How to Stop Dog Whining

Dogs continue to engage in behaviors that are rewarding to them, so to stop dog whining, you must find a way to make the behavior unrewarding. There's more than one way to do this, and which will work depends on your dog.

Why Dogs Whine

There are many reasons why dogs whine: excitement, fear, anxiety and attention. Many dogs are simply whining because the behavior gets them some form of attention. Even if you yell at your dog or try to punish him for whining, that is still attention, and many dogs are satisfied with that.

Determining the reason why your dog is whining will help you develop a training plan to reduce the whining. If the behavior begins suddenly in an older dog, first consult a veterinarian. Your dog may be whining because he is ill or in pain, and no amount of behavior modification can fix that.

Your young puppy many be whining because he needs to relieve himself and doesn't know how to tell you. Before beginning a training program, make sure all your dog's needs are being met.

Stop Dog Whining

If your dog is whining for attention, the only way to stop it is to remove all attention when he whines: no scolding, petting or eye contact. Once the whining stops, reward him with attention. If the whining becomes excessive, leave the room and close a door between you, isolating your dog for his undesired behavior.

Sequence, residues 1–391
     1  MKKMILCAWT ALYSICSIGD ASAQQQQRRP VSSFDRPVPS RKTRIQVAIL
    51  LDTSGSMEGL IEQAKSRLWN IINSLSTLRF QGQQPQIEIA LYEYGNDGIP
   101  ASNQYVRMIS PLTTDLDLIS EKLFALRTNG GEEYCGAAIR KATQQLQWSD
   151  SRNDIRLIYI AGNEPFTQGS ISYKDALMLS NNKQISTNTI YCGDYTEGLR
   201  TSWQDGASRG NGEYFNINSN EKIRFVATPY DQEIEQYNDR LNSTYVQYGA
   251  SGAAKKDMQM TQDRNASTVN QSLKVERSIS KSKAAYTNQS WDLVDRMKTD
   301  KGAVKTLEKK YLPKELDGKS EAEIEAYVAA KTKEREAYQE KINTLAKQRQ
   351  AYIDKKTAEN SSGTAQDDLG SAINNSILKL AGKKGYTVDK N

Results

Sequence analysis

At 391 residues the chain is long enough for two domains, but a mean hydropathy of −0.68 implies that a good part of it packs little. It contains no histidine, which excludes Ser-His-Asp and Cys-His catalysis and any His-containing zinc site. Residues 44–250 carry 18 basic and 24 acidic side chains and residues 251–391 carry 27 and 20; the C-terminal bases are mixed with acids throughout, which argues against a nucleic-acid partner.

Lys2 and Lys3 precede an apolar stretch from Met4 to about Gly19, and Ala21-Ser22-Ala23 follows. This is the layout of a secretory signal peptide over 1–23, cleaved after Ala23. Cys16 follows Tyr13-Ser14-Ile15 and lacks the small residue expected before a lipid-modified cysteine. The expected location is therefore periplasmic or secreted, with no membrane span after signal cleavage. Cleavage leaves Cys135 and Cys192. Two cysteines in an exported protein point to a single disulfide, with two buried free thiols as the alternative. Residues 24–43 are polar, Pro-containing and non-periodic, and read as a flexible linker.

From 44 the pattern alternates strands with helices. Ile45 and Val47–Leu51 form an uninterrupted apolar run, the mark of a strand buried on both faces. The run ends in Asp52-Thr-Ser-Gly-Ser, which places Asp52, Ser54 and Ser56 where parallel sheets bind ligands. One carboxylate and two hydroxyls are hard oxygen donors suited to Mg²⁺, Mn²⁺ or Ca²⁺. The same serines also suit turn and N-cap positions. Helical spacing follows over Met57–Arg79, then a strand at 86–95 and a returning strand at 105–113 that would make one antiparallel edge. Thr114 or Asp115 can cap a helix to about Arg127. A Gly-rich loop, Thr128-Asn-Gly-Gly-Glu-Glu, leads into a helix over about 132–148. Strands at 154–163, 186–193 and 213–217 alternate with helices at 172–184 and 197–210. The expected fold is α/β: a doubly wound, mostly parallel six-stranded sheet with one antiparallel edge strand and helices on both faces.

If he is whining because of fear or anxiety, determine the cause and make him more comfortable around his fears. Teach him an alternate behavior that you prefer and reward him for that in place of the whining.

For example, if he's afraid of thunderstorms, give him a safe room where he can be comfortable. Place a DAP diffuser, which releases calming hormones, near his bed.

Condition him to the noise of thunderstorms by buying a CD and playing it at a very low volume. Play the CD at a level where his ears prick but he doesn't seem frightened. When he hears that noise, send him to his bed or safe room and reward him. Gradually, during a few weeks, increase the volume until it's as loud as a thunderstorm. Reward any behavior that isn't whining. Ignore whining during this time.

If your dog is whining because he's excited, wait for him to calm down before he gets what is making him excited. For example, if he whines when you take the leash out for a walk, set it back down. When he gets quiet, pick it up again. Repeat this until you can get the leash on without him whining.

Though this will be frustrating at first, if you are consistent, your dog's whining will be reduced because it isn't rewarding. In time, he will exhibit the behaviors that you like, and whining will be eliminated.